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Major Media Outlet Uses Digital Subscription as Source of Revenue

According to a statement on its website, The New York Times saw digital advertising and subscription growth in all four quarters in 2014, as compared year over year. 

"2014 was an encouraging year with sufficient progress in digital advertising and subscription revenues to deliver modest overall revenue growth for the Company," said Mark Thompson, president and chief executive officer. "We continued to build our digital subscriber total in 2014 and finished the year with 910,000 paid digital subscribers, an increase of 150,000 from the previous year, beating our tally of net new additions in 2013 by 25 percent and putting us on track to exceed the one million digital subscriber milestone in 2015."

Thompson added that The Times is looking to further digital subscription rates, among other things, this year and deepen its audience more effectively through print and digital innovation.

Digital subscriptions as source of revenue
While digital subscriptions for newspapers across the country aren't a new concept, The Times is one of the first major media outlets to successfully improve year-over-year subscribers. Advertisements have traditionally generated a large share of newspaper revenue, especially when print was the main product offering. However, thanks in part to the rapid expansion and development of digital technology, online subscriptions are increasing revenue share at The Times.

"Digital subscriptions are increasing revenue share at The New York Times."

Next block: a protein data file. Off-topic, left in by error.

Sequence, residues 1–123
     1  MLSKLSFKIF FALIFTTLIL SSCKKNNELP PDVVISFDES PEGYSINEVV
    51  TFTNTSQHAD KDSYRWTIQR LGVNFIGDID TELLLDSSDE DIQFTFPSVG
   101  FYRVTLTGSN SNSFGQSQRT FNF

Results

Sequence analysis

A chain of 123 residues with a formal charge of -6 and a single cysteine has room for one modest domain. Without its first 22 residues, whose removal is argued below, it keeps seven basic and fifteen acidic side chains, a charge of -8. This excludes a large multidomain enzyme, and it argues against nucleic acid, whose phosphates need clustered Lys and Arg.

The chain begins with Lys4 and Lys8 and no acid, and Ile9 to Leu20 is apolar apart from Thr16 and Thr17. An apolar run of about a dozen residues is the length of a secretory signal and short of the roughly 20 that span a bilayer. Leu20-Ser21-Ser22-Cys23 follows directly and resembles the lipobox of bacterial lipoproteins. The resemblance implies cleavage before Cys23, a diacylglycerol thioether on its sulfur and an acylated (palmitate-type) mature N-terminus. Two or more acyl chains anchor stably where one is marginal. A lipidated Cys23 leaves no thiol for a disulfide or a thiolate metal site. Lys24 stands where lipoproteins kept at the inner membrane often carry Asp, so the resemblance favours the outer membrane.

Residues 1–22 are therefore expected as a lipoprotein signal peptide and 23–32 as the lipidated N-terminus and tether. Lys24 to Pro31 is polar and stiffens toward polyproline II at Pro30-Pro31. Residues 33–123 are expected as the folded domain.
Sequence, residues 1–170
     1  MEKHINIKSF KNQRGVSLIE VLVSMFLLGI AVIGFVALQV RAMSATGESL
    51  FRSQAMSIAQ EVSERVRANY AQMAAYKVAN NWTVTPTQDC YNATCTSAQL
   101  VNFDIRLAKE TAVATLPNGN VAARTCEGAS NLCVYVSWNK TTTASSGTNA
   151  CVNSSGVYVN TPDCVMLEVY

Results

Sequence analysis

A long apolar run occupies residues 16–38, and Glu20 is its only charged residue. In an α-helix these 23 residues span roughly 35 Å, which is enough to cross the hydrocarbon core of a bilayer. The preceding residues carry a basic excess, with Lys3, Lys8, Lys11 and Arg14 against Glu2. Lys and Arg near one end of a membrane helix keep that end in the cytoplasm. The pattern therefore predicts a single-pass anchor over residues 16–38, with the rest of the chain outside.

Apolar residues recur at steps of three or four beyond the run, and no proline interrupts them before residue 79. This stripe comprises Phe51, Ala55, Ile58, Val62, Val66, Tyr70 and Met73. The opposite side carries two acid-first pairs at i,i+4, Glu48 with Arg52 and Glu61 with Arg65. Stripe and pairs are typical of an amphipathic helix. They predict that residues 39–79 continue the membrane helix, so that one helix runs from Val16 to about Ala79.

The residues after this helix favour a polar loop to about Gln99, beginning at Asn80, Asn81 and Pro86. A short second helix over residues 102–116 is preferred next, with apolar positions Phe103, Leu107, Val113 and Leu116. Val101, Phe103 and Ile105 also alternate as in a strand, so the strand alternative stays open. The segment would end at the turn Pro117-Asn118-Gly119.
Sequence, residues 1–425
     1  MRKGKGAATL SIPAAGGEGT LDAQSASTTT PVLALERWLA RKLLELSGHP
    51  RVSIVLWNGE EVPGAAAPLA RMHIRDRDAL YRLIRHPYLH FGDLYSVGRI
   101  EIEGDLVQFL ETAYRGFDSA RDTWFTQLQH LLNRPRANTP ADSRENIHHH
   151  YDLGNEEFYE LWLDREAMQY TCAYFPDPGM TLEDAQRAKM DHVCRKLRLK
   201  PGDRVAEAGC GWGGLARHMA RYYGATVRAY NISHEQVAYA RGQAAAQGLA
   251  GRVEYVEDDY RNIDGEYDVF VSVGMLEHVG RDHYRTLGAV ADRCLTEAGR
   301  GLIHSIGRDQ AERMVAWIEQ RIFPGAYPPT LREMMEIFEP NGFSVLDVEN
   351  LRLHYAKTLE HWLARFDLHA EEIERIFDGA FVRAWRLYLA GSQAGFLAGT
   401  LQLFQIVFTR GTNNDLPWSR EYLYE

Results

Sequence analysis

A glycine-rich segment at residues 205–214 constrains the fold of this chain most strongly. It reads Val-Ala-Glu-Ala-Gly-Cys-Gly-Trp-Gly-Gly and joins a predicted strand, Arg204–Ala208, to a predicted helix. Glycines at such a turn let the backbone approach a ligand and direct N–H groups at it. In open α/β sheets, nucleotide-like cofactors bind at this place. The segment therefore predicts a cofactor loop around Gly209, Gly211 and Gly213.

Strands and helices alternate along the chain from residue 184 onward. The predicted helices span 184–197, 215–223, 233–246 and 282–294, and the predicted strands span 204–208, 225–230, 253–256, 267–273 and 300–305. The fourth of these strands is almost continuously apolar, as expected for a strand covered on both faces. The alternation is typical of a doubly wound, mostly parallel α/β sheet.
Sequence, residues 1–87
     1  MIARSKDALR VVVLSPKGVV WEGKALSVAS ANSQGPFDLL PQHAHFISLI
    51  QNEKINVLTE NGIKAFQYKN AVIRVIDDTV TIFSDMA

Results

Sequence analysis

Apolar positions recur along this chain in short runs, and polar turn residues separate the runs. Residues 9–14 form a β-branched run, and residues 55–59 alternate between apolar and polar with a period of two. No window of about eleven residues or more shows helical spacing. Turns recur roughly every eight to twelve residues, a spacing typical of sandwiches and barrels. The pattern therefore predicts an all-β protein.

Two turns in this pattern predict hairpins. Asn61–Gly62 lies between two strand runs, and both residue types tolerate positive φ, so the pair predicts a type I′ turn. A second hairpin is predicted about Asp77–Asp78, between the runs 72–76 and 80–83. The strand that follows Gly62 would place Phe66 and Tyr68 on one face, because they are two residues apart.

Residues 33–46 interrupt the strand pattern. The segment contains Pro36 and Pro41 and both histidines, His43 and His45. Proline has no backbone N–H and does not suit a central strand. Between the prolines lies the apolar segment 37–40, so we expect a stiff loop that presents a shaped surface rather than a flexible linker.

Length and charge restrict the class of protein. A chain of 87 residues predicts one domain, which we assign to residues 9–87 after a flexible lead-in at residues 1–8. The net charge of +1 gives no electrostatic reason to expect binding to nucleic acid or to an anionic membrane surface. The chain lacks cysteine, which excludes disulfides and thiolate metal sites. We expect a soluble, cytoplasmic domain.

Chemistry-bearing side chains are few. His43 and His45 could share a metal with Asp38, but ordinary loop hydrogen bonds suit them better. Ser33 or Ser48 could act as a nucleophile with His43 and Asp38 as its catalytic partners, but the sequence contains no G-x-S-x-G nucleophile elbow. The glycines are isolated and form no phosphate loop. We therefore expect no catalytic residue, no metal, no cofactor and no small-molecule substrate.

According to Capital New York, 54 percent of all revenue at The Times right now comes from its readers. Another 30 percent comes from digital. Year-over-year profits declined at the country's largest newspaper - a modest 5.7 percent, thanks in part to last year's round of buyouts and severance packages - but circulation revenue also increased, albeit at a marginal 1.5 percent. Nevertheless, digital subscriptions and slightly increasing readership figures arguably offer more promising value than advertising dollars do. Readers paying for quality product may be more likely to continue their subscriptions, whereas advertising revenue can shift from time to time. More specifically, print advertising fell 9 percent in the fourth quarter last year for The Times, and growing that source of revenue remains challenging as print copies sold fell nearly 7 percent in the same timeframe.

However, while print media is fighting its own battle, the online side of news is growing. Digital-only subscriptions now exceed print subscriptions by nearly 250,000 readers. Digital subscriptions also help grow media outlets' global reach. Just one in eight digital subs come from outside of the U.S. On the other hand, 33 percent of its unique visitors are international. Both figures are likely to grow as product offerings and pricing alternatives advance at The Times.

While other large media outlets online are going all-in on digital ad growth and revenue, The Times is wisely biding its time with digital subscriptions. Certainly, digital-only outlets like the Huffington Post - which don't have subscription-based services - obtain high volumes of traffic, but they are largely dependent on cumbersome and often invasive advertisements. Digital subscriptions are more likely to acquire interested and engaged users, or those who come to a site to read its product offerings.

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